Subsequent to the decision to hold the franc at 124.2 francs per pound sterling, the Bank of France and the French Treasury have come into possession of very important valuta reserves. These reserves are freely estimated by the French press to be now in excess of one thousand million dollars. This sum apparently represents a net gain of valuta, since early in the current year the French Treasury and Bank of France together made a heavy payment in liquidation of the debt to the Bank of England and the Treasury has further met payments on war debts to the British and American Treasuries in addition to meeting the normal charges on its foreign commercial indebtedness.
The process by which this great valuta reserve was accumulated seems to have been somewhat as follows:
Purchases of valuta were made in the first place not because the Bank particularly desired to accumulate additional foreign exchange reserves but in order to keep the franc from rising above the selected level. The francs issued to purchase such valuta have not, however, in fact increased the bank note circulation. The seller of valuta has apparently been taking the francs which he received in return for his sale of foreign exchange to a deposit bank. The Bank of France does not pay interest on deposits with it, and there are no longer any short term bills in which the banks of deposit can readily invest their funds. These banks, because of the slight commercial demand for funds, have been at a loss to know what to do with their money. The result has been that the banks of deposit have been driven to place their excess funds on demand deposit with the Treasury, which for some time paid interest thereon at the rate of 1.6 percent per annum free of tax. At the end of July of this year, however, the interest rate paid on such deposits was reduced by the Treasury to approximately 1.25 percent.
These abnormally low interest rates are of course due to the plethora of ready funds. The funds deposited with the Treasury in the process described above have been used by it to reduce its indebtedness to the Bank of France and thus increase its borrowing margin with that institution. The result of the whole process has been that since July 22, 1926, the debt of the Bank to the Treasury has been reduced from 38,550,000,000 francs to 26,250, 000,000 francs on July 21, 1927. The bank note circulation, on the other hand, during the same period fell from 55,000,000,000 francs to 53,131,000,000 francs.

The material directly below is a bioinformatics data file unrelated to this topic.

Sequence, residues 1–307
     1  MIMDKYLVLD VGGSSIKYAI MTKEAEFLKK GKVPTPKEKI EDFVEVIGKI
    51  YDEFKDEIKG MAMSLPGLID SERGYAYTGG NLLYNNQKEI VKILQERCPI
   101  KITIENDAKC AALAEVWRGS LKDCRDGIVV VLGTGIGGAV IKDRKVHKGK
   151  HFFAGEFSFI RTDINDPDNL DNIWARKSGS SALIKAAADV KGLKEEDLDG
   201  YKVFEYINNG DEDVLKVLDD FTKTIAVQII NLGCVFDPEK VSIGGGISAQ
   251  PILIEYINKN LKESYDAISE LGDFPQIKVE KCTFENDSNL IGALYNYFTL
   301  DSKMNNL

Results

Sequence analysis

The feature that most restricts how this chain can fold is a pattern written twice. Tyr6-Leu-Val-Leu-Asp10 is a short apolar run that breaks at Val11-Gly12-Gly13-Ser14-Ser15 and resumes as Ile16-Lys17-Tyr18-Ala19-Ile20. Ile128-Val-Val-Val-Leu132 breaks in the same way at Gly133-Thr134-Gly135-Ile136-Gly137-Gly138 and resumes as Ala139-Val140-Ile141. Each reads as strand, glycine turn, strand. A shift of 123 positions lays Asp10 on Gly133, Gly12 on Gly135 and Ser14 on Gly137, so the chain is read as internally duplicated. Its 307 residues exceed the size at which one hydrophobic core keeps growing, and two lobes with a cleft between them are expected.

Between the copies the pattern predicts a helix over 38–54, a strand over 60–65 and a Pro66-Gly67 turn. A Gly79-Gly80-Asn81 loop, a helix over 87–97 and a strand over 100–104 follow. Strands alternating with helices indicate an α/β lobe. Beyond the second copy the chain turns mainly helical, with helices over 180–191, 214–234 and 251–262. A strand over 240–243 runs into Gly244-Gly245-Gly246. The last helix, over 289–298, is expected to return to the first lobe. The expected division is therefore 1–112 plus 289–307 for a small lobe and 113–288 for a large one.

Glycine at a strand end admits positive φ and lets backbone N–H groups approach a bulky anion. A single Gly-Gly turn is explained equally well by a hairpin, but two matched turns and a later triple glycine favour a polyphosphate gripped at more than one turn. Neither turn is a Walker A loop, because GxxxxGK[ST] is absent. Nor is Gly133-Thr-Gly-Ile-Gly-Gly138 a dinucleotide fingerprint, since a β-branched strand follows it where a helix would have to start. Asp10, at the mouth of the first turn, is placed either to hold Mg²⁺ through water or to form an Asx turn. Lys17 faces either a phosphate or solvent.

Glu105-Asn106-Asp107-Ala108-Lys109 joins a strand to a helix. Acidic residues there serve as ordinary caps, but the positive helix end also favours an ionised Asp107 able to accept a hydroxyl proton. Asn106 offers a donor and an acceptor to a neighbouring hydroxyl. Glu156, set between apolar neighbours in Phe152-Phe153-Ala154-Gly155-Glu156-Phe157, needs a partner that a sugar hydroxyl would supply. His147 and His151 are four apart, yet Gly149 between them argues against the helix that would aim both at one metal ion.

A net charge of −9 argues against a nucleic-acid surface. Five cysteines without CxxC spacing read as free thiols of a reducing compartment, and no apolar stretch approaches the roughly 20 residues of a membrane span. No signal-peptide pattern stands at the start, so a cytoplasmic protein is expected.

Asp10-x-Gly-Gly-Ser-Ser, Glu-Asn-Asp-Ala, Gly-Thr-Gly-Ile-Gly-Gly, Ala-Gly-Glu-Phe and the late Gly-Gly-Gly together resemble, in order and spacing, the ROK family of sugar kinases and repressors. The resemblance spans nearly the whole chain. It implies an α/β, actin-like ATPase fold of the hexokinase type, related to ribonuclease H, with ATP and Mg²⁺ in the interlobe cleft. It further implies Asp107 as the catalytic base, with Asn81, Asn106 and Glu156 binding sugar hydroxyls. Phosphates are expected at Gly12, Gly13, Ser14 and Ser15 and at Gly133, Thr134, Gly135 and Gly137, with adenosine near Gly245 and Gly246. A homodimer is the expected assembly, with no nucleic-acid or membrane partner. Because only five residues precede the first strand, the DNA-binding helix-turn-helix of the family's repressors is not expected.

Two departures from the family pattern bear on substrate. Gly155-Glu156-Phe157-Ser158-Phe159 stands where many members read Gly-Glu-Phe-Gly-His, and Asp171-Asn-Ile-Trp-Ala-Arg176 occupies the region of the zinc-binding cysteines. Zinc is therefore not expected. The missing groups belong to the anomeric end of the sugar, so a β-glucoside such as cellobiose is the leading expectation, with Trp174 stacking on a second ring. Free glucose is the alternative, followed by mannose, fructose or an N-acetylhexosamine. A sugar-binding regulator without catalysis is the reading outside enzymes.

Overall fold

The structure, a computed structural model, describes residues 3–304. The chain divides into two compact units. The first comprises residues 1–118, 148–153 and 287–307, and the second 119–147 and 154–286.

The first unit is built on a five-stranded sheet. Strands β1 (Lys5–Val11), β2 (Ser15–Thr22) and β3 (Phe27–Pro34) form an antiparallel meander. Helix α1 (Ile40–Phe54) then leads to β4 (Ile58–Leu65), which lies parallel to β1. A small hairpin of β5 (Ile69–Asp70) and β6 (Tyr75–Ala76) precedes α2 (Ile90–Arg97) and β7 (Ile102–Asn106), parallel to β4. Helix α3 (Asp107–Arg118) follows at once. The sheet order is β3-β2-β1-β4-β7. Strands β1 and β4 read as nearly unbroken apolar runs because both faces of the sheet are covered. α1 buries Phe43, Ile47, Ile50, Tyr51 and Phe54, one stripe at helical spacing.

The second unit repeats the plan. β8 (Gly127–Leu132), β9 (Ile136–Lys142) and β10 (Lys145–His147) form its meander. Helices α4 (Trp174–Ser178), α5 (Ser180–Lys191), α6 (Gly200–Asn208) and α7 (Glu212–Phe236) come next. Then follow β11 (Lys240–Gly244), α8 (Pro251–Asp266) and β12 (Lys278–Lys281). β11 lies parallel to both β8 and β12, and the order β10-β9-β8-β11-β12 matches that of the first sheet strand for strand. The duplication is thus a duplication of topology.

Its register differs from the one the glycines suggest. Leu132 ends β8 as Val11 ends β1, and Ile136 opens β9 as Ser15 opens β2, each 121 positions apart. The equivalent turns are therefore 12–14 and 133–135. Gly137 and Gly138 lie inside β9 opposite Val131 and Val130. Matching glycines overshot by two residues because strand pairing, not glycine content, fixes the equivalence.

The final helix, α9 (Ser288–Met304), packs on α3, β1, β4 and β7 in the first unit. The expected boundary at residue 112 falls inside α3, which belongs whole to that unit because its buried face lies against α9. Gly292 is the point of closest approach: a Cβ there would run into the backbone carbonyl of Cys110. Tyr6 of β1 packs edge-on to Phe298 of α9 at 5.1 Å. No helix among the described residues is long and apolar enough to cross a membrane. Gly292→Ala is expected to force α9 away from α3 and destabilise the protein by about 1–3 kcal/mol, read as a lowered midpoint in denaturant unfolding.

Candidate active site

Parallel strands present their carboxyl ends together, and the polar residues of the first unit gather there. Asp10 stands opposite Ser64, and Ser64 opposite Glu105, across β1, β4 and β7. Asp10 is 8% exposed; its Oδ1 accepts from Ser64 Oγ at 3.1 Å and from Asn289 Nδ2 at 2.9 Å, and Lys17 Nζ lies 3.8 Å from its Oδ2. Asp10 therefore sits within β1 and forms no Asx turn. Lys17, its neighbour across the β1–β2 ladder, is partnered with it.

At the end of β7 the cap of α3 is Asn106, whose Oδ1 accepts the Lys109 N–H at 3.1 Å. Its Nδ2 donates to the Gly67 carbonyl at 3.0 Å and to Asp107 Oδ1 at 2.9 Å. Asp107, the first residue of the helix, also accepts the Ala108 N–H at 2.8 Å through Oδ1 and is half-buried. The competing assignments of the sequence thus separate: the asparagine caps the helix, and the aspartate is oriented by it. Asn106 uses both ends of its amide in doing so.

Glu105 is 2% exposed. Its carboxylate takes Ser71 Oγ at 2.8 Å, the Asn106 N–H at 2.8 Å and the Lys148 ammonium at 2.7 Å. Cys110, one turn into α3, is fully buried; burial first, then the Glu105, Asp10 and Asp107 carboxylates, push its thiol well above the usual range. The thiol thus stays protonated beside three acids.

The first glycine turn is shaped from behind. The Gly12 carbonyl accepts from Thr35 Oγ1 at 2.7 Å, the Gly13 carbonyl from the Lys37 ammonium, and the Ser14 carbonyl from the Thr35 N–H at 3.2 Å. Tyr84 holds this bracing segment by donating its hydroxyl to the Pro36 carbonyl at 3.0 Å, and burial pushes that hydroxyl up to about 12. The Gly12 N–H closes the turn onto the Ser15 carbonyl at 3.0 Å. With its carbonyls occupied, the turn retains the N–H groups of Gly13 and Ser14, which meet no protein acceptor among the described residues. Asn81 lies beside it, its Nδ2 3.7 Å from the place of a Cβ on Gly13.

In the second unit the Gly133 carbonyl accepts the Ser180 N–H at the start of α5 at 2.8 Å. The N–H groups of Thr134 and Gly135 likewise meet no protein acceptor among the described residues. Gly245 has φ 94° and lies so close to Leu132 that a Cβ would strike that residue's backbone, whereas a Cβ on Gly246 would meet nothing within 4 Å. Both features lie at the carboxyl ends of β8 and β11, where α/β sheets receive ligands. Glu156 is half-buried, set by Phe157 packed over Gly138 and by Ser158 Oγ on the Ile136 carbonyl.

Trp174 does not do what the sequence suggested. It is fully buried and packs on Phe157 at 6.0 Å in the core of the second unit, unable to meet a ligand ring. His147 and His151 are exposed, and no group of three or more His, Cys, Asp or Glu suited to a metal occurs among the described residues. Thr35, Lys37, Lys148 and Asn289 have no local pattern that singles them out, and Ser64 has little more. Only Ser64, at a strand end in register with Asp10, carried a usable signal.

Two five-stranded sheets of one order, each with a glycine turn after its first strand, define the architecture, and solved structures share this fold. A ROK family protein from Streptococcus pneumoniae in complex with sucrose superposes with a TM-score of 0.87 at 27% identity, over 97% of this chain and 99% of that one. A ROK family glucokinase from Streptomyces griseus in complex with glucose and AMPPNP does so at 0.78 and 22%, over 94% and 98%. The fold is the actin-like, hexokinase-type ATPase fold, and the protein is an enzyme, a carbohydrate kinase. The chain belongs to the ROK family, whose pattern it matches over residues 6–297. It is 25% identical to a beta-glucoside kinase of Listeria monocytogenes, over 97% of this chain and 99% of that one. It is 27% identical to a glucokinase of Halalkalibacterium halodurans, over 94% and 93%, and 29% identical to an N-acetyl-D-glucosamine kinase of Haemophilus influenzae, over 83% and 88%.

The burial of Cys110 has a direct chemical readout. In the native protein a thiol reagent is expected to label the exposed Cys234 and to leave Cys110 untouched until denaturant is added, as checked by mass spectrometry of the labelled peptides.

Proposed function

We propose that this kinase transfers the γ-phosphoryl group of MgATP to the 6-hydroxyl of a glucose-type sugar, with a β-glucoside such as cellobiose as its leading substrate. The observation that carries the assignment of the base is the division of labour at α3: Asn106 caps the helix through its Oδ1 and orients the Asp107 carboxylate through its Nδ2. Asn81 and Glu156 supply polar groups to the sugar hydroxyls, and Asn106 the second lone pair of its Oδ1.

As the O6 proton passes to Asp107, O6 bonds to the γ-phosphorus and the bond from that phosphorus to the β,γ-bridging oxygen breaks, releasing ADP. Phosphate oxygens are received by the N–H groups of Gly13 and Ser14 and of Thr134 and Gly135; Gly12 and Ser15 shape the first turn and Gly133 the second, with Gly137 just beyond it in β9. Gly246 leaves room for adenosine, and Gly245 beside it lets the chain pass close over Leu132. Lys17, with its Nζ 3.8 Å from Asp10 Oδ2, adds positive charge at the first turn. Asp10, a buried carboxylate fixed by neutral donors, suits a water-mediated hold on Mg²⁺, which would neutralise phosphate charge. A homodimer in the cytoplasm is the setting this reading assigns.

Some part of the money which has been attracted to France with the return of confidence in her credit has come from foreigners who have become interested in investing in French securities. Not only American investors, but Dutch, British, German and Swiss have been heavy buyers of French internal securities. There is perhaps some element of peril in such investments, because funds may be repatriated after profit-taking, the law which prohibits the export of French capital not being applicable to foreigners. But a considerable portion of the foreign investments in France are thought to be there to stay. While it is of course impossible to determine to what degree foreigners have taken part in the recent flow of foreign funds to France, there seems to be a tendency in some quarters to overestimate their share in the movement. In France it is believed that perhaps one-half of the French funds which went abroad during the flight from the franc in 1924, 1925 and 1926, estimated in the French Economic Year Book for 1927 at $1,500,000,000, has now returned.
The demand deposit account which is being carried at the Treasury has caused some concern. The amount of these demand obligations on July 22, 1927, was over 10,000,000,000 francs. Late in June the Government issued a long term internal loan for the purpose of funding such portion of this indebtedness as was not really required in the form of liquid funds. According to semi-official reports this loan produced some 4,700,000,000 francs in cash. It must be remembered in connection with these Treasury deposits that the short time floating debt has practically disappeared and that no one, three or six month obligations are now being issued. It should also be noted that the deposits with the Treasury at 1.25 percent interest represent almost exclusively the funds of banks, insurance companies and large corporations. The minimum amount that may so be deposited is 500,000 francs. On the other hand the larger part of the floating debt as formerly constituted was held by small investors.